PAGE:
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Posted Monday, February 25, 2008 10:10 PM


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Comments posted to this topic are about the item Type A, B, or C






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Post #460054
Posted Tuesday, February 26, 2008 2:59 AM
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Hello Steve - quite an interesting article.

However, some nitty gritty from an INTJ (who is not supposed to be interested in detail, so I suppose I should also qualify my INTJ assertion with a "usually"). The Myers-Briggs (not Broggs) classification doesn't refer anywhere to a type of ITSJ, which you sometimes are - it is ISTJ. So maybe sometimes you are an "N" and not interested in detail, only the bigger picture.

;)
Post #460114
Posted Tuesday, February 26, 2008 3:25 AM


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And this is one of the reasons I tend to distrust some psychological techniques.

Certainly there can be defining characteristics to someone, but shoehorning people into compartments to try to define them is, by its very nature, dangerous. You've shown this by describing how Type A and Type B categories don't do a good job of describing a particular person, but the article seems to suggest this is a mistake in the bounds of the compartment rather than the process of pigeonholing overall.

A bit of trivia for you; it wasn't until the 19th Century that there was such a thing as a homosexual. Before that time, homosexual acts certainly existed, but it was only at this point that society decided to start defining people according to their sexual preferences. A person (who, to a greater or lesser extent indulged in homosexual acts) suddenly became a homosexual. Now look at how polarised society has become as a result.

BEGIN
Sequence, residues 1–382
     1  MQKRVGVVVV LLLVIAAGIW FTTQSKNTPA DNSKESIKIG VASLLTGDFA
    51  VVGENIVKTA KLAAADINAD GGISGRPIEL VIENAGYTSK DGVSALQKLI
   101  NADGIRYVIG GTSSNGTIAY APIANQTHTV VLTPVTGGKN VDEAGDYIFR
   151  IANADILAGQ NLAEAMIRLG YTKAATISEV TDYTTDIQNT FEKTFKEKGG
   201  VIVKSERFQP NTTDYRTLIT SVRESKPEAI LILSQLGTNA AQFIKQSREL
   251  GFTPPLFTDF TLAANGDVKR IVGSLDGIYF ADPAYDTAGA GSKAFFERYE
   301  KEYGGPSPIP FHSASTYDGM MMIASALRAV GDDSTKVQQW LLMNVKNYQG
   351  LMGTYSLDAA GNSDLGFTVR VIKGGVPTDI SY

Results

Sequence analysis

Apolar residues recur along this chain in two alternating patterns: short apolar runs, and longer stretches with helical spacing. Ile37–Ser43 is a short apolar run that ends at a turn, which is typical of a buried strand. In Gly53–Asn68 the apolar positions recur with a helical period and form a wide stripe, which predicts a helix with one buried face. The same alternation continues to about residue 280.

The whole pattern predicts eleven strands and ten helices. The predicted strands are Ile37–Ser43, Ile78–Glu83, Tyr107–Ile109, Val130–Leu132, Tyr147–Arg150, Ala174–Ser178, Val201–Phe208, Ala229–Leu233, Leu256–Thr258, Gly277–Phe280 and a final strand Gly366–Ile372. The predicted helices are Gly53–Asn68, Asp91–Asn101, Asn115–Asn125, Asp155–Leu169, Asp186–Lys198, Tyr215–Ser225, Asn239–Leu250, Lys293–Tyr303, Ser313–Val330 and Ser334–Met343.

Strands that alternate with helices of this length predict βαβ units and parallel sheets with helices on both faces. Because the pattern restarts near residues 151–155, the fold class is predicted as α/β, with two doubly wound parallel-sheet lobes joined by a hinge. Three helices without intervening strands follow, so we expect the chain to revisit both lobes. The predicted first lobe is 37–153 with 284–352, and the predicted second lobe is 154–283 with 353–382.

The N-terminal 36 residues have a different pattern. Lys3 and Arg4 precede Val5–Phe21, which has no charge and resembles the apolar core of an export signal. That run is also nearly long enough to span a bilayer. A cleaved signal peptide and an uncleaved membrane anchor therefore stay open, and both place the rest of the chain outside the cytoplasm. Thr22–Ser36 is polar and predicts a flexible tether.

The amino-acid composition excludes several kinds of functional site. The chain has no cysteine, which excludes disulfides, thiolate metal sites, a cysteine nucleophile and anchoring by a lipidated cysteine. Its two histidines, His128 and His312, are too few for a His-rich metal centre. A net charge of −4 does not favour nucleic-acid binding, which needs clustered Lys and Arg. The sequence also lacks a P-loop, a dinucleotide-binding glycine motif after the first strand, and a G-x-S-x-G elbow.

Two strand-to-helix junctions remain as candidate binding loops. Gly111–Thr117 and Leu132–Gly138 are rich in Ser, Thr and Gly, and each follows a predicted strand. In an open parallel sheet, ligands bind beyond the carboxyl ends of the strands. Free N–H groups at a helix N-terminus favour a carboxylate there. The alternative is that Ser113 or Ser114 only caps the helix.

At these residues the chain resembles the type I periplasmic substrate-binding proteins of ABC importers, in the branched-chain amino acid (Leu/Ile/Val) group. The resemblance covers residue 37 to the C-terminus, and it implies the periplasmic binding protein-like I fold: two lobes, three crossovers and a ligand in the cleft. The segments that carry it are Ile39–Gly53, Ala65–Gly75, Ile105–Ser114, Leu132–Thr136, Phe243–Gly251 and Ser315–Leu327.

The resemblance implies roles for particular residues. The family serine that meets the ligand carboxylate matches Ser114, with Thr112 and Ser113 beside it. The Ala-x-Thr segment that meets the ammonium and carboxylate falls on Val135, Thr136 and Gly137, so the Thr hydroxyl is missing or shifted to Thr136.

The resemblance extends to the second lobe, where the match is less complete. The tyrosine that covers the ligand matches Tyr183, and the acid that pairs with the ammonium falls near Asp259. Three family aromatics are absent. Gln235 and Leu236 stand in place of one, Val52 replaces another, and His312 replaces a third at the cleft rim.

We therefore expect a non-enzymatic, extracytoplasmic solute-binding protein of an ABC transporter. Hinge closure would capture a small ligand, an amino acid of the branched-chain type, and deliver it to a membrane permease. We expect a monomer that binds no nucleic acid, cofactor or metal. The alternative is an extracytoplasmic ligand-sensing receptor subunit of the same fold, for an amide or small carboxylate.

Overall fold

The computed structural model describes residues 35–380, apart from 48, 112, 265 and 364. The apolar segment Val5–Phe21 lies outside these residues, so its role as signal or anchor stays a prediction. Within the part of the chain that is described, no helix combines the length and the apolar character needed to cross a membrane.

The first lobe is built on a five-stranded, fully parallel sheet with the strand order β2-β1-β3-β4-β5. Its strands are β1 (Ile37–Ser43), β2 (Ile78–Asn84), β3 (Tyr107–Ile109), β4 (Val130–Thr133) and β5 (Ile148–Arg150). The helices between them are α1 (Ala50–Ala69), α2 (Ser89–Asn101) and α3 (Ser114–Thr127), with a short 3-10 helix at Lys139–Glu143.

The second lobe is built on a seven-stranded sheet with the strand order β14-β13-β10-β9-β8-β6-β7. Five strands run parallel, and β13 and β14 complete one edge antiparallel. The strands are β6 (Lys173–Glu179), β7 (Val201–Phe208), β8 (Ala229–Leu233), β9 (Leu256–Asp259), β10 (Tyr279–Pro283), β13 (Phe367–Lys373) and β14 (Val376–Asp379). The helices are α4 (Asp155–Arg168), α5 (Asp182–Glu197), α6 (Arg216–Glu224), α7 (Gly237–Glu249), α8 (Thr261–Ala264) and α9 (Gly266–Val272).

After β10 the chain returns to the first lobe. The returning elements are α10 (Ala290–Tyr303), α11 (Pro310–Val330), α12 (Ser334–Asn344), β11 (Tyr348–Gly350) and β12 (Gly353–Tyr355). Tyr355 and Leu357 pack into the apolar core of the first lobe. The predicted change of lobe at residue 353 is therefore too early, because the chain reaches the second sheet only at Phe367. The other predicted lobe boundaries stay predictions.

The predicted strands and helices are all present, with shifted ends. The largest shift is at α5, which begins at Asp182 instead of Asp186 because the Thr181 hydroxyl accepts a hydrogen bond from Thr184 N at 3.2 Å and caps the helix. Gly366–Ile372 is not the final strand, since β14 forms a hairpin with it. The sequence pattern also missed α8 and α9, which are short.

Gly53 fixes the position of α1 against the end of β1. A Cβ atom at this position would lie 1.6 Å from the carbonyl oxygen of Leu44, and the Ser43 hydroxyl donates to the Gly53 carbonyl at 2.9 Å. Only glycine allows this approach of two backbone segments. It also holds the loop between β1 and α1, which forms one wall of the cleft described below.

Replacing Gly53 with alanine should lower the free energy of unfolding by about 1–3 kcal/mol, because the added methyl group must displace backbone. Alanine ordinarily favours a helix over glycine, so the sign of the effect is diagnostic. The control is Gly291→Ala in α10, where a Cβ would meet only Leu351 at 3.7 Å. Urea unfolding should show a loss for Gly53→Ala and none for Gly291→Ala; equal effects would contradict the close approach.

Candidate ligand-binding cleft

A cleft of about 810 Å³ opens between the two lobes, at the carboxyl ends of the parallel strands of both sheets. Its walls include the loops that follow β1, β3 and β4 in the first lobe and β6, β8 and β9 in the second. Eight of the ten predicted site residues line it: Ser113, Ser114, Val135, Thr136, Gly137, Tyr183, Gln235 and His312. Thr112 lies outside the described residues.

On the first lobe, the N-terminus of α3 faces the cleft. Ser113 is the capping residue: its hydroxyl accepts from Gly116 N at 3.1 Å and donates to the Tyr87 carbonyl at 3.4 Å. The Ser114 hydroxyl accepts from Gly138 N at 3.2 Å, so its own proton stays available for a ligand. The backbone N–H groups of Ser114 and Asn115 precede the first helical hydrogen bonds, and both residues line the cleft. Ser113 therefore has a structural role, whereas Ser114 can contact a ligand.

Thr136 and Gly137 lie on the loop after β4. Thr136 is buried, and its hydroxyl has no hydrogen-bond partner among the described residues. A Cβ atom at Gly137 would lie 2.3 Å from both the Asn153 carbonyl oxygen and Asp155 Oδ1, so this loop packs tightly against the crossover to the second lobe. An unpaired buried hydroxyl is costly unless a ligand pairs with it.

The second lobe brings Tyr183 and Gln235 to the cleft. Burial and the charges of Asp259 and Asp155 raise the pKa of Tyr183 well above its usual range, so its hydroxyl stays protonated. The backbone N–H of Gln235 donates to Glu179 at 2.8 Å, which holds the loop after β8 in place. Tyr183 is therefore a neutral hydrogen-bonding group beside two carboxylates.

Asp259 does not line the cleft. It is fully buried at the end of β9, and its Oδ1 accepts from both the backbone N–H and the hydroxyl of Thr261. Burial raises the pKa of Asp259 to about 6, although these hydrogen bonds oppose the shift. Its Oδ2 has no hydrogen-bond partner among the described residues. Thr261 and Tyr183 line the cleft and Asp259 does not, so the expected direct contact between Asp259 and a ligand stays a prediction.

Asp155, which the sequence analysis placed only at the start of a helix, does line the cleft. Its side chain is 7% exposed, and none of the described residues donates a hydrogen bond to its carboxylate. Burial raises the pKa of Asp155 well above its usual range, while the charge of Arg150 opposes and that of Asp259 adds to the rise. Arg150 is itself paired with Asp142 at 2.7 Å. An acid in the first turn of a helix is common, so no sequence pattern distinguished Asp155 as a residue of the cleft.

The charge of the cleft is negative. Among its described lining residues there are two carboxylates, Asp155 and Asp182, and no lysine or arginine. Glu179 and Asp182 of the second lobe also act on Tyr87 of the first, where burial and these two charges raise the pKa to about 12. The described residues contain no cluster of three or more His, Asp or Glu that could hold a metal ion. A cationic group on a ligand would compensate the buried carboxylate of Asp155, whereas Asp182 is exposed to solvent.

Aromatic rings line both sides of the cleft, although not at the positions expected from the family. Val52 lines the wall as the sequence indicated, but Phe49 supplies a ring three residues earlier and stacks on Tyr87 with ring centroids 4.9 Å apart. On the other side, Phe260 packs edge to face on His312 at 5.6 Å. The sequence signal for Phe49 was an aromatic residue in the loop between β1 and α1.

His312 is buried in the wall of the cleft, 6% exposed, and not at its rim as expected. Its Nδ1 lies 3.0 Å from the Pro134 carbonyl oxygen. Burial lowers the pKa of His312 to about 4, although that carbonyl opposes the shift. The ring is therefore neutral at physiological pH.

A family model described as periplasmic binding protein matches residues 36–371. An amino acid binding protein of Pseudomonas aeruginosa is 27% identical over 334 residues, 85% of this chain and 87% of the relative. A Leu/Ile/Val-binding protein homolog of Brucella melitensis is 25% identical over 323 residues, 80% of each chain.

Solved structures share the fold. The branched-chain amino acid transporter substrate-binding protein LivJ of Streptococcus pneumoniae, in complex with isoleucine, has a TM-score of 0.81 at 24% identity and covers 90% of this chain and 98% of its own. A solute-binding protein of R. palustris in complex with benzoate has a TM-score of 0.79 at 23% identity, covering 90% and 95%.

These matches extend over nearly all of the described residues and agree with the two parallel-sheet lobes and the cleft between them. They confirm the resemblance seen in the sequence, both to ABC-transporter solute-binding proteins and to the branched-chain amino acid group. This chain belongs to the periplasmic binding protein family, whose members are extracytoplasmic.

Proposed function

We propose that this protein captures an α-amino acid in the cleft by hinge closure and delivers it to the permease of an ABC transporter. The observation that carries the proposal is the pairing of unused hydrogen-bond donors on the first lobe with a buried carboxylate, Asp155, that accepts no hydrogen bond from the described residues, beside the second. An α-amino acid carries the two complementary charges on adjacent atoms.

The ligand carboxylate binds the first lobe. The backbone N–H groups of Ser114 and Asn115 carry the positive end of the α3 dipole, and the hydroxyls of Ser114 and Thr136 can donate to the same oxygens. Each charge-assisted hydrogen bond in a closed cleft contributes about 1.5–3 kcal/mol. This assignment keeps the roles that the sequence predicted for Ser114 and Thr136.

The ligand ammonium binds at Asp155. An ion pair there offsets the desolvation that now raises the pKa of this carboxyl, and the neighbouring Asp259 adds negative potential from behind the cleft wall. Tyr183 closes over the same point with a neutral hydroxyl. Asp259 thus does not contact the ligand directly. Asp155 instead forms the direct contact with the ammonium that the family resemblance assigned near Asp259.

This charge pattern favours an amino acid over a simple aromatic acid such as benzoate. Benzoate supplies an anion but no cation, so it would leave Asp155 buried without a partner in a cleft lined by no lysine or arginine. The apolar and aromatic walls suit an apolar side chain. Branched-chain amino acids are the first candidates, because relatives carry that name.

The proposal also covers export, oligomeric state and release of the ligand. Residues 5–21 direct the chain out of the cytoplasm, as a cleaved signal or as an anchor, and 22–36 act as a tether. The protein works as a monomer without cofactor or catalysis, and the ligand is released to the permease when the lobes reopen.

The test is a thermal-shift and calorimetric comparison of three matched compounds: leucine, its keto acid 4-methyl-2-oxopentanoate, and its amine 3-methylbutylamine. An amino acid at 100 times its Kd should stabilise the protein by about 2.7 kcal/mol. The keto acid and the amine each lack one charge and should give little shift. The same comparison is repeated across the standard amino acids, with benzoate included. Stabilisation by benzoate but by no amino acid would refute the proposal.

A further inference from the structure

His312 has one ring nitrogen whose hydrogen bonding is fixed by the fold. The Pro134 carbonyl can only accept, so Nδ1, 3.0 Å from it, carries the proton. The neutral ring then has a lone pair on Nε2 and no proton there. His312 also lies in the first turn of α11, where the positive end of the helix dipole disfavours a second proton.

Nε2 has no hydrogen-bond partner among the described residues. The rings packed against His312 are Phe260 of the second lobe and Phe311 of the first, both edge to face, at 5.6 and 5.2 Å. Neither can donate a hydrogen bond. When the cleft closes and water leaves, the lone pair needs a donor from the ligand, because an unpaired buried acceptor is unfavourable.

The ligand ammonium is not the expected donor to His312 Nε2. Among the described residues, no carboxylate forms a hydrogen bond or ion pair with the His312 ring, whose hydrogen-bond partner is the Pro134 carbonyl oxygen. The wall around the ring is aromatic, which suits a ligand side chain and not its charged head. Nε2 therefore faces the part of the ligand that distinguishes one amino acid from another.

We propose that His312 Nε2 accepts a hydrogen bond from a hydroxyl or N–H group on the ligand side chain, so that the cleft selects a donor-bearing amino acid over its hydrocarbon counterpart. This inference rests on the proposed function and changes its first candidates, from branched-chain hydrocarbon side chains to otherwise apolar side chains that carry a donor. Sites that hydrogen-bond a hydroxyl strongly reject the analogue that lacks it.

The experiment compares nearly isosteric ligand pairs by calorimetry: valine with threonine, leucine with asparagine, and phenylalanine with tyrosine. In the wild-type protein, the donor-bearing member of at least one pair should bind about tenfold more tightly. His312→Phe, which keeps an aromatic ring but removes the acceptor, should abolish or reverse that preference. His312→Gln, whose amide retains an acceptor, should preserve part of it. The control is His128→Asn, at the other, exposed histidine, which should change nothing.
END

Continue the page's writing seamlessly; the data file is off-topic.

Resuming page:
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Post #460125
Posted Tuesday, February 26, 2008 4:07 AM
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We did something similar to this at work. What I found useful wasn't so much how it classified me (probably equivalent to an ISTJ - no surprise there), but the ancillary information about how to deal with other types of people.

After everyone was classified (and the results published within the team), it gave advice on how one type of person could modify their communication style when communicating with another type; how differences in personalities and styles could lead to misunderstandings, allowing everyone to be on the lookout for these.
Post #460133
Posted Tuesday, February 26, 2008 6:26 AM
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Myers Briggs is one of the best things my wife and I ever did for our marriage. It really help us understand each other.
Post #460190
Posted Tuesday, February 26, 2008 6:29 AM


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Andrew Watson (2/26/2008)
We did something similar to this at work. What I found useful wasn't so much how it classified me (probably equivalent to an ISTJ - no surprise there), but the ancillary information about how to deal with other types of people.

After everyone was classified (and the results published within the team), it gave advice on how one type of person could modify their communication style when communicating with another type; how differences in personalities and styles could lead to misunderstandings, allowing everyone to be on the lookout for these.